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Geometry is one of the oldest and important branches of mathematics that deals with the properties of shapes such as lines and angles. Supplementary angles, like vertical and complementary angles, are all pairs of angles.

However, supplementary and complementary angles do not have to be adjacent to each other, unlike vertical angles.

Determining and finding the measures of angles is one of the most commonly performed steps in Geometry. And in order to do so, we need to familiarize ourselves with these geometric terms.

Are you ready to tackle another pair of angles called supplementary angles? Say no more as we dive into another adventure of defining supplementary angles and comparing them to other pairs of angles.

Supplementary angles

Supplementary angles are angles that when added together, their sum is

. Since the sum of their angle measure is, supplementary angles always form a straight line. Using the mathematical sentences, we can say that two angles are supplementary if

Let’s look at one example of supplementary angles.

In the figure, we can see two angles – one measuring and the other angle with measure . If we get the sum of two angles, we will have

Since the sum is exactly , we can say that they are supplementary to each other.

When two angles are supplementary, we call each pair the supplement of the other angle. Hence, in this case, is the supplement of , and vice versa.

More so, if you will notice, the two angles formed a straight line. Just like linear pairs, supplementary angles are pairs of angles that can form a straight line because their sum is .

Types of Supplementary Angles

Like complementary angles, supplementary angles can be adjacent or non-adjacent. Let’s discuss how these two types are different from each other.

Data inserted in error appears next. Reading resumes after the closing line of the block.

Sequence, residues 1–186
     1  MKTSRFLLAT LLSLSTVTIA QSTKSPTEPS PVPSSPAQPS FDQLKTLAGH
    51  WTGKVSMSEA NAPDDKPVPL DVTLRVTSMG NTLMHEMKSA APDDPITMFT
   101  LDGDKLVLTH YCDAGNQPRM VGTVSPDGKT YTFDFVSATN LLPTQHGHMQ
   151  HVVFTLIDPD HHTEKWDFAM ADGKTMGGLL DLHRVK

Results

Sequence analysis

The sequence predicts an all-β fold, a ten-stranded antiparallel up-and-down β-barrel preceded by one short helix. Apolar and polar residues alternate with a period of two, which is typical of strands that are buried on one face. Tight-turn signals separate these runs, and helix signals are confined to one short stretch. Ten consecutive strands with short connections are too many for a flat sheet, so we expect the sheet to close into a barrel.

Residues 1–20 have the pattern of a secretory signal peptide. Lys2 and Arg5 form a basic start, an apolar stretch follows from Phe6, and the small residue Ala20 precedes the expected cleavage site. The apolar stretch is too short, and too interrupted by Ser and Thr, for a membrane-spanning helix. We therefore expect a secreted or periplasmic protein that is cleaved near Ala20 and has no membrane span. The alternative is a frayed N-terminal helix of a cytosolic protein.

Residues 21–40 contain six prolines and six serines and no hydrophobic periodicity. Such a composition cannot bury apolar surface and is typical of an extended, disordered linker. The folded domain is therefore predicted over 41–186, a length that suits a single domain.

Adjacent Supplementary Angles

If two angles share a common vertex and a common side and have a total of

angle measure when combined, then they are said to be adjacent supplementary angles.

Let’s take a look at these illustrations.

By observation, we can easily tell that adjacent supplementary angles form a straight line.

Non-adjacent Supplementary Angles

If two angles are non-adjacent but have a total angle measure of

, then they are called non-adjacent supplementary angles.

Let’s look at the examples to see how it is different from adjacent supplementary angles.

In the given figure, if two angles do not share the same side or vertex, they can still be supplementary angles as long as the sum of the two angles is

 

Did you know that…

That the word “supplementary” is from two Latin words, “supplere” and “plere.” Supplere means “supply” while “plere” means “fill.” So we can simply say that “supplementary” means “something to supply to fill a thing.”

And so are the supplements of angles!

How to find the supplement of an angle?

There may be cases or problems that you will encore that will require you to find the other pair of supplementary angles. Are you getting curious about how we can solve these types of problems?

Well, here’s an easy way of solving and finding the supplement of a certain angle!

By definition, we already know that supplementary angles always add up to 180. Hence, if one is already given, we can easily find the supplement of the angle by simply subtracting the angle’s measure from .

Say, for example, we have an angle whose measure is and we are asked to find the supplement of this angle. To do this, we will subtract from . Thus, we will have .

Therefore, the supplement of is .

It’s simple, right? It is basically subtracting the given angle from !

Now, let’s try another example. I measures and is supplementary to , what is the angle measure of ?

To solve this problem, we will always go back to the definition of supplementary angles. Since the given angle measures , we will subtract it from . Hence, .

Therefore, by subtraction, we are able to know that the supplement of is .

See, finding the supplement of a certain is as easy. You just always have to remember the total angle measure of supplementary angles.